All three models have the same maximum output (400 lumens) and, as well as being easy to swivel up and down, they all feature the Silva Intelligent Light system, which uses a double beam comprised of a long-reach spotlight to illuminate what awaits on the trail up ahead, and a wide-angle floodlight so you can see what’s going on immediately around your feet. All that’s missing is a colour tint option, which would allow you to check things without shattering your night vision – generally not a priority for trail runners. 

Read our full Silva Trail Runner Free review

Woman wearing Knog Bilby headlamp

The Knog Bilby is a new take on headlamps, with a central pod unit that pops in and out of a silicone band (Image credit: Knog)

11. Knog Bilby

The best lightweight headlamp for runners


Weight with batteries: 90g / 3.17oz
Max light output: 400 lumens
Battery: USB rechargeable
Average run time: Low: 105 hours / high: 5 hours
Max beam distance: 100 meters
Water resistance: IP67

Reasons to buy

Extra lightweight at 90g
Innovative silicone head strap
Intuitive controls

Reasons to avoid

Rechargable pod could be misplaced

Well known for their popular line of cycling accessories, Knog takes a new approach to headlamps. Powered by a removable Lithium Ion rechargeable battery, the Bilby pushes out an incredible 400-lumen beam. Using five LEDs, the headlamp offers a high beam (for long range use) and two elliptical beams for wide-beam illumination around your feet, and mid range illumination. 

On top of this the Bilby features six lighting modes (Boost, Mid, Wide, Spot, Red and Reading), each with four brightness settings (you can customize your settings via the Modemaker app). So many options sound complicated to use or adjust in the dark, but we found that the controls were intuitive and easy to operate. Unusually, the USB is integrated into the lighting pod, so there are no wires to tangle or lose. To recharge, we just popped the pod out and plugged it straight into a USB-A port. The Bilby was fully charged from zero to max in 4 hours.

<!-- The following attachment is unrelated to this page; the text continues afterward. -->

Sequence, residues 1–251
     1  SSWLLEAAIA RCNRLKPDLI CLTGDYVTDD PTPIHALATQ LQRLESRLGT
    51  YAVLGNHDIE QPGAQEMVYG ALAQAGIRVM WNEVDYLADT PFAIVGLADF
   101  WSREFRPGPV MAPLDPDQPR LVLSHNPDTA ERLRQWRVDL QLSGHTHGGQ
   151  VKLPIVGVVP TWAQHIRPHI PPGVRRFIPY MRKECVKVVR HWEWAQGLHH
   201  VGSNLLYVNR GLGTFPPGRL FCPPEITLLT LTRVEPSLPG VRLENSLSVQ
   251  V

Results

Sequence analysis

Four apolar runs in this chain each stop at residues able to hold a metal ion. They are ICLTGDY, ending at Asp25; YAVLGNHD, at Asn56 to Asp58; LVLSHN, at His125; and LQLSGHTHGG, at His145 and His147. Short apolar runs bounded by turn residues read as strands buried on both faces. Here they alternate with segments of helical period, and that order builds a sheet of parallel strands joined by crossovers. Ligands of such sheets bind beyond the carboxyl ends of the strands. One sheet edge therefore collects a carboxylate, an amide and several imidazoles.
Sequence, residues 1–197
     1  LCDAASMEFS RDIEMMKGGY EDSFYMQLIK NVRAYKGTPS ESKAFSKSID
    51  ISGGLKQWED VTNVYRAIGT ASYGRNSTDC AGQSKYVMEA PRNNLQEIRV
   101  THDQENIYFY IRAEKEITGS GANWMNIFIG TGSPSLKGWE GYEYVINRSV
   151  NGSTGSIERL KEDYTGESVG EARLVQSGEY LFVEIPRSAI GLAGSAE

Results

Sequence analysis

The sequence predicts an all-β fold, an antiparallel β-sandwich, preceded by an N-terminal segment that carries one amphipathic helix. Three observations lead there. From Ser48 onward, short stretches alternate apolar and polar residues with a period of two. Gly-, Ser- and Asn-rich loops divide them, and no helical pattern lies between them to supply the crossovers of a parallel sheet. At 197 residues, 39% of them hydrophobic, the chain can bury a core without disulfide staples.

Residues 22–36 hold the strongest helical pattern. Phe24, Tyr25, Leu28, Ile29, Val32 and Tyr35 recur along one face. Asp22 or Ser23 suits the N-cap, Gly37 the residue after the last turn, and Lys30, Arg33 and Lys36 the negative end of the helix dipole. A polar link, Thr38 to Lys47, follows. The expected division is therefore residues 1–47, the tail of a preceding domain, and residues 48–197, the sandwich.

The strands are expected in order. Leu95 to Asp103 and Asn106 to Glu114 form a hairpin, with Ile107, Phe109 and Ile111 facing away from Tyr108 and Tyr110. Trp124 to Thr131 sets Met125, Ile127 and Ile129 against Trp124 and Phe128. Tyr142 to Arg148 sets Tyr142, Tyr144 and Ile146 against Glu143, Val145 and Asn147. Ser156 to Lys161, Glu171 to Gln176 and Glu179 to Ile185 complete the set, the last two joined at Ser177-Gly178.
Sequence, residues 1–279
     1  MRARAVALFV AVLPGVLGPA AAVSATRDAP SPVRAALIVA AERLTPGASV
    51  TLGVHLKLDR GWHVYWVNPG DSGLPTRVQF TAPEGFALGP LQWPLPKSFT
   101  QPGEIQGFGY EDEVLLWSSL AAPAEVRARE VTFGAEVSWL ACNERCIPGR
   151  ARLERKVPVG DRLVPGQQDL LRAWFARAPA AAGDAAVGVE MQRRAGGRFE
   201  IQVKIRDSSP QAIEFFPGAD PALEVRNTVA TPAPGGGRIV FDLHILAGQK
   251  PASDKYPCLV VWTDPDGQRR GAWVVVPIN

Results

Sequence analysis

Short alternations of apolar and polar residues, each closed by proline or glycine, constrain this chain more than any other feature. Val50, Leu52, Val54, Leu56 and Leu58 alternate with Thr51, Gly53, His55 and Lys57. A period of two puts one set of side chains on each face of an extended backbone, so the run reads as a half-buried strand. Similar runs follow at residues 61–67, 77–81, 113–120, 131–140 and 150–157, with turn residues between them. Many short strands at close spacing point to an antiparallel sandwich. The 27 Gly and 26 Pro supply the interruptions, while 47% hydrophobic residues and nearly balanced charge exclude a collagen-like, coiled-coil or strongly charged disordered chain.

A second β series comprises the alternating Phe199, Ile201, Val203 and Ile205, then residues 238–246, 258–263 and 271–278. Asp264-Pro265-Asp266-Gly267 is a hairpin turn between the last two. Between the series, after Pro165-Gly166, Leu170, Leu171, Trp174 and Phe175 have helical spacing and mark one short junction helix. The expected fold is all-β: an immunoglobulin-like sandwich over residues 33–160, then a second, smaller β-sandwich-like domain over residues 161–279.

The light is durable, dustproof, lightweight and carries a 1P67 rating for weather resistance – translated in layman’s terms, this means the Bilby is waterproof up to 1 meter underwater. And the light isn’t the only innovative feature; instead of traditional webbing, the head strap is constructed from medical grade silicone that uses a toggle for fine-tuning fit. We found the strap was comfortable, durable and stable in use. Overall, it's simply one of the best head torches available for runners.

Headlamps comparison table

Swipe to scroll horizontally
Best headlamp comparison table
HeadlampList priceWeightMax light outputBattery
Black Diamond Storm 500R$74.95 (US) / £65 (UK)100g / 3.5oz500 lumensLithium-ion Micro USB rechargeable
Petzl Actik Core 450$70 (US) / £58 (UK)75g / 2.8oz450 lumensHybrid: rechargeable via USB plus AAA
BioLite 425 Headlamp$59.95 (US) / £59.95 (UK) 78g / 2.75oz425 lumensRechargeable via USB lithium ion battery
AceBeam H16 Headlamp$44.90 (US) / €44.90 (EU)71 g / 2.5 oz650 lumensHybrid: USB rechargeable lithium battery plus AA batteries
Nitecore HC65$110 (US) / £77 (UK)164g / 5.8oz1000 lumensHybrid: USB rechargeable lithium battery plus CR123 batteries
LED Lenser MH8$110 (US) / £80 (UK)139g / 4.9oz600 lumensHybrid: USB rechargeable battery plus 2 x AA compatibility
Alpkit Viper$30 (US) / £25 (UK)106g/3.7oz240 lumens3 x AAA
Lifesystems Intensity 280$35 (US) / £30 (UK)89g/3.1oz280 lumensUSB rechargeable
Decathlon Evadict Ontrail 250 Headlamp$30 (US ) /£25 (UK)107g/3.8oz250 lumensUSB rechargeable